From left, Paul Patsis and Bob Woudstra at Farmers’ L.A. office.

From left, Paul Patsis and Bob Woudstra at Farmers’ L.A. office. Photo by Ringo Chiu.

It’s not a stretch to say the Geico gecko is a big reason L.A.’s next NFL team – assuming it gets one – will play at a place called Farmers Field.

Farmers Insurance surprised the sports world recently by agreeing to pay $700 million for the naming rights to Anschutz Entertainment Group’s proposed downtown L.A. stadium, but Farmers had more in mind than generating a bit of good will.

Faced by competitors such as Washington, D.C.-based Geico that are shelling out hundreds of millions of dollars in an unprecedented advertising spree, the L.A.-based property and casualty insurer needed to score some marketing points.

“It was a no-brainer,” said Farmers Chief Executive Bob Woudstra, referring to the deal. “I never would have believed that an insurer would spend more annually than Budweiser, but it’s come to be a reality.”

In fact, Farmers, a unit of Swiss insurer Zurich Financial Services Ltd., finds itself in the middle of what trade publication Advertising Age has called a “$4 billion ad brawl” started 10 years ago by Geico – and which has accelerated ever since.

Kantar Media, a New York ad consultancy, estimates that Geico, a subsidiary of Warren Buffett’s Berkshire Hathaway Inc., spent $617 million on advertising in 2009 and was on pace to spend even more last year. Other big spenders in the hundreds of millions include Allstate Insurance Co., Progressive Casualty Insurance Co. and State Farm Insurance.

Farmers doesn’t release the dollars it spends on advertising and marketing, but industry analysts believe the National Football League stadium deal, which is widely believed to be worth $700 million over 30 years, is a quantum leap compared with past practices.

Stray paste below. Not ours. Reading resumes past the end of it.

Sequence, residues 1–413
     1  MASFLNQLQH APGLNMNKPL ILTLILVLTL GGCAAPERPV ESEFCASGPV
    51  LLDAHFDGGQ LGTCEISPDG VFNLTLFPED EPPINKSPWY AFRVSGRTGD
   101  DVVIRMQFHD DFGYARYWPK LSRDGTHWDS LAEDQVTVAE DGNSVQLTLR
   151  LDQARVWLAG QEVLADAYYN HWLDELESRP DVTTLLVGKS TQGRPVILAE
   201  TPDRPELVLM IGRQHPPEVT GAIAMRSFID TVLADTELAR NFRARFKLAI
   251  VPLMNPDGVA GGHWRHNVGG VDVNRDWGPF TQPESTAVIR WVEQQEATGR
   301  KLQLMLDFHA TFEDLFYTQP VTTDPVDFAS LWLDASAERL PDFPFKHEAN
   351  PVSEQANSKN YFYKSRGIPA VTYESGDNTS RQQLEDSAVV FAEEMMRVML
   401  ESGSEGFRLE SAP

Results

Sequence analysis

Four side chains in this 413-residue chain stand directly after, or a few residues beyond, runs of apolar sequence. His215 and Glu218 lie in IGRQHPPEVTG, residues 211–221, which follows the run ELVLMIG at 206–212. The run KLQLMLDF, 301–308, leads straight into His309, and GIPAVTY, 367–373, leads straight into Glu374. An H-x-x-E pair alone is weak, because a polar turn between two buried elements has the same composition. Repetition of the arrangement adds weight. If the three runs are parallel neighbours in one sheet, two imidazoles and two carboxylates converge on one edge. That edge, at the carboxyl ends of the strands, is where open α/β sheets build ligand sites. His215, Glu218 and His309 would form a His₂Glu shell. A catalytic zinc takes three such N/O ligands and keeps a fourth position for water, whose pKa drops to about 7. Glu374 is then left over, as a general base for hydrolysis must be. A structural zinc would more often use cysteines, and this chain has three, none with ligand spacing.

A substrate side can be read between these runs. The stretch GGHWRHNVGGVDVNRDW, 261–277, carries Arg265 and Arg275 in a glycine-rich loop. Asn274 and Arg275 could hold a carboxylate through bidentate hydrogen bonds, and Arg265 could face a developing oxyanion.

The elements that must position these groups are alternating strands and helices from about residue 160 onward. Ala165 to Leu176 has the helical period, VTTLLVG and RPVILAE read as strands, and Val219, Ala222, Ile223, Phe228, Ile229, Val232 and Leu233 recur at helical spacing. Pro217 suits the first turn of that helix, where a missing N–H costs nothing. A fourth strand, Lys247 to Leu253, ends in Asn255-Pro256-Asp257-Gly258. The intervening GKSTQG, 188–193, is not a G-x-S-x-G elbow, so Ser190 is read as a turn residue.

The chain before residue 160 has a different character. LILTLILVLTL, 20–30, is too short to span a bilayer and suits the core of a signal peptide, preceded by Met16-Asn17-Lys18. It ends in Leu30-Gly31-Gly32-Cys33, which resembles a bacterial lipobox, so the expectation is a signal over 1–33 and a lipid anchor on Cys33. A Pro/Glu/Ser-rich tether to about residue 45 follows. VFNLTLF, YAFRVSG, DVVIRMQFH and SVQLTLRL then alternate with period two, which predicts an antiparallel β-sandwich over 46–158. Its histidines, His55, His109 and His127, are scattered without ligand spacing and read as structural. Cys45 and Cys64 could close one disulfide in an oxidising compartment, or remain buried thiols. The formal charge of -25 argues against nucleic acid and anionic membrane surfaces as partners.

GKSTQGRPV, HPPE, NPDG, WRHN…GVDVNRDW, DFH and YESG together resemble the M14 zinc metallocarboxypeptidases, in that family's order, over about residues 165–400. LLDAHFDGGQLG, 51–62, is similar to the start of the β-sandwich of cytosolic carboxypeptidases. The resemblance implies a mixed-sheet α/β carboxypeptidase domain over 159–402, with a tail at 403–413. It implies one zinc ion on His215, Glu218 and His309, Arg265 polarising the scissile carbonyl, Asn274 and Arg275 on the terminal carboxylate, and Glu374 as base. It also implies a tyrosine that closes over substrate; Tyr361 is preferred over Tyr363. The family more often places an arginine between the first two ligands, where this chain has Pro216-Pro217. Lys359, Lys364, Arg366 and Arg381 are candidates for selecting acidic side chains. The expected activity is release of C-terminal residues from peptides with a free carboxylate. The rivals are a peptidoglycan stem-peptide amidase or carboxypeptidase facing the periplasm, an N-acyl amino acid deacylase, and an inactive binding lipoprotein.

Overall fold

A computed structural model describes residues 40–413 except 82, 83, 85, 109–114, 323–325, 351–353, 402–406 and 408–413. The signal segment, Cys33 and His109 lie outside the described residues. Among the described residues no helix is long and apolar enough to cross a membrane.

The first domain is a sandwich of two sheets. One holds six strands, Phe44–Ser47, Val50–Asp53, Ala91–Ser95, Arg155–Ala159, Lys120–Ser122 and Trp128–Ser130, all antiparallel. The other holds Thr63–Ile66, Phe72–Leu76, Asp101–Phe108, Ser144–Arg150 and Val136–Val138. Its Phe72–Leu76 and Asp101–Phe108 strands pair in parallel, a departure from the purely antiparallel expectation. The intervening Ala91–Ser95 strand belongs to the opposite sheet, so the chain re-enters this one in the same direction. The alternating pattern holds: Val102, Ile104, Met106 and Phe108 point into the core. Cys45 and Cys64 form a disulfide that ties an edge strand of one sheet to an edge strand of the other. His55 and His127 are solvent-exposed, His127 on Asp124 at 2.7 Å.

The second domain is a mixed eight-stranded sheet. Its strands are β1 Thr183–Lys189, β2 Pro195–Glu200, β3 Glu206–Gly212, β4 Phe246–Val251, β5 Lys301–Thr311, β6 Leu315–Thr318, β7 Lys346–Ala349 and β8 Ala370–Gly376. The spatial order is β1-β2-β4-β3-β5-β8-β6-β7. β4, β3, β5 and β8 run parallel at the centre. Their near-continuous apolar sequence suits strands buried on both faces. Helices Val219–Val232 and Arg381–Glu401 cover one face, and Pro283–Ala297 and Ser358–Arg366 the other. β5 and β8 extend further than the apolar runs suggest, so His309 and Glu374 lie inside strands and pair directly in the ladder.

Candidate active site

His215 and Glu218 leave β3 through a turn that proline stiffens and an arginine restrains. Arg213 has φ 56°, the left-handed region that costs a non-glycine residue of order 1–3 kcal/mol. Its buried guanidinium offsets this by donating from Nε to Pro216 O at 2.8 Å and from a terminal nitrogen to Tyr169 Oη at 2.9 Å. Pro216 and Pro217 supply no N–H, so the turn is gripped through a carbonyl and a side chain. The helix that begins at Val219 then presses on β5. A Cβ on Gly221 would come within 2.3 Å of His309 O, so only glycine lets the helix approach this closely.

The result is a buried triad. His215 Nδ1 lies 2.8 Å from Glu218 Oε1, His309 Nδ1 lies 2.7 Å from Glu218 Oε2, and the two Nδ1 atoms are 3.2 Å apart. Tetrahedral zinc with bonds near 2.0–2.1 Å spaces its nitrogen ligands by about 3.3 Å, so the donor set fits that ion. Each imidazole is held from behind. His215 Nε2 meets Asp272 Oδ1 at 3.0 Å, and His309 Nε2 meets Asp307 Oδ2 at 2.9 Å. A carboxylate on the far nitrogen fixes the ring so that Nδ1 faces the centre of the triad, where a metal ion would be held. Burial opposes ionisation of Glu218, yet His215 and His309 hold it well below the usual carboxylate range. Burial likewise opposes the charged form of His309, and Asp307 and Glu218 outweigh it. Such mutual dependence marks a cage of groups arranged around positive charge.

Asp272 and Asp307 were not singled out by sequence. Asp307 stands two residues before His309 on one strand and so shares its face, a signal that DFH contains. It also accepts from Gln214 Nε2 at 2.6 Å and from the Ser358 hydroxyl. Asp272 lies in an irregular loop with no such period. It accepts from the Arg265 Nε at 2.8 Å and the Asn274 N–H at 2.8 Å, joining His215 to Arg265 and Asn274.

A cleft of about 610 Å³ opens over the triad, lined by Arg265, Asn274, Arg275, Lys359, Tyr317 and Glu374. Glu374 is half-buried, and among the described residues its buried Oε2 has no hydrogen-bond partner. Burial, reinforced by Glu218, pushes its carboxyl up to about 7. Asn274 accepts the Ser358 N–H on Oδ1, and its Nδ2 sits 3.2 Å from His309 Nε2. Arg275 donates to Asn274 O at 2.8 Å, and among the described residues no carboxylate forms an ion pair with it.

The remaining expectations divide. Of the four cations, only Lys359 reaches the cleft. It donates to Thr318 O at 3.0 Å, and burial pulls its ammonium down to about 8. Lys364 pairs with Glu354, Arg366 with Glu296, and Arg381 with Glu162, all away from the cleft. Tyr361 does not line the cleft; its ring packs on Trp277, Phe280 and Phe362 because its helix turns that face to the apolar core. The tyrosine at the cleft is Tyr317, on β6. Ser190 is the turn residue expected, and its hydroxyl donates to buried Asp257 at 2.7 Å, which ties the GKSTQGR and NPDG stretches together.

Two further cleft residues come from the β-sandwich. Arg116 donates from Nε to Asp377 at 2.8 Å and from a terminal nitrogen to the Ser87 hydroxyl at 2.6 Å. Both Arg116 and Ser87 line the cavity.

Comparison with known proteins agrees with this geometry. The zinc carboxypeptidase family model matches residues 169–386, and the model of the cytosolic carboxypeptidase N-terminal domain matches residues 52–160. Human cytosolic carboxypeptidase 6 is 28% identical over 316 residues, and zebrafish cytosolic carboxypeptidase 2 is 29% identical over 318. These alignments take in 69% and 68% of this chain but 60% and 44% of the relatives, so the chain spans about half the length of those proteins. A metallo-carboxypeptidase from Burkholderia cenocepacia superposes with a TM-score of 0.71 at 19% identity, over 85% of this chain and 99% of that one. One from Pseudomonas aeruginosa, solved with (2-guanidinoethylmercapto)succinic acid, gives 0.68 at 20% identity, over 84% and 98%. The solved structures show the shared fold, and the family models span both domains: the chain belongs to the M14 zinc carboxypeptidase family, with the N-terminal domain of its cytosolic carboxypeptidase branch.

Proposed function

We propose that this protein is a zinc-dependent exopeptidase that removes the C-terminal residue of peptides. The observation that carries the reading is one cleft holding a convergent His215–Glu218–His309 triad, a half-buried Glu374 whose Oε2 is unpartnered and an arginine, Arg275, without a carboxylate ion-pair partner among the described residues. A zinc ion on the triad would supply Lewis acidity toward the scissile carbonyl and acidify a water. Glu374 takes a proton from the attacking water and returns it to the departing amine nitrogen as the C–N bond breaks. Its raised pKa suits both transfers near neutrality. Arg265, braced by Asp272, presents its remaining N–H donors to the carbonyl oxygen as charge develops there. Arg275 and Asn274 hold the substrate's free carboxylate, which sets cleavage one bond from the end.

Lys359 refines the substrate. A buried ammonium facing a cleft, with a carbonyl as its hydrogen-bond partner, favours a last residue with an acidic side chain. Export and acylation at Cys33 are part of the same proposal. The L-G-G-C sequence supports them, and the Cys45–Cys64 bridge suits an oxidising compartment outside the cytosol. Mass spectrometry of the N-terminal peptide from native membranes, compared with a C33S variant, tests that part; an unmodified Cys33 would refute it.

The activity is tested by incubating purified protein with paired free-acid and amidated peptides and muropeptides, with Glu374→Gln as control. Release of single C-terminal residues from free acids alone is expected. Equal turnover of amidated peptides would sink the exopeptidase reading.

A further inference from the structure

Driving it all has been a fundamental change in the way insurance is purchased. Insurance has traditionally been sold through brick-and-mortar brokerages and far-flung company agencies that could be found in the smallest communities. Now, with the advent of the Internet, sales have shifted online.

That’s why insurers now are spending mass media ad dollars like brewers and soda makers. Geico’s reptile and cavemen, Allstate’s Mayhem campaign and Progressive’s sales clerk Flo have all become hits on YouTube and TV. Geico has seen significant increase in market share from its ad campaigns.

Particularly benefiting these ads has been the sports world, where the seats are filled with a prime demographic: men who need or soon will need auto, home and life insurance.

As a result, Progressive and Great American Insurance Group have stadium deals in smaller cities, while State Farm has signed national sponsorship deals with Major League Baseball and the National Basketball Association.

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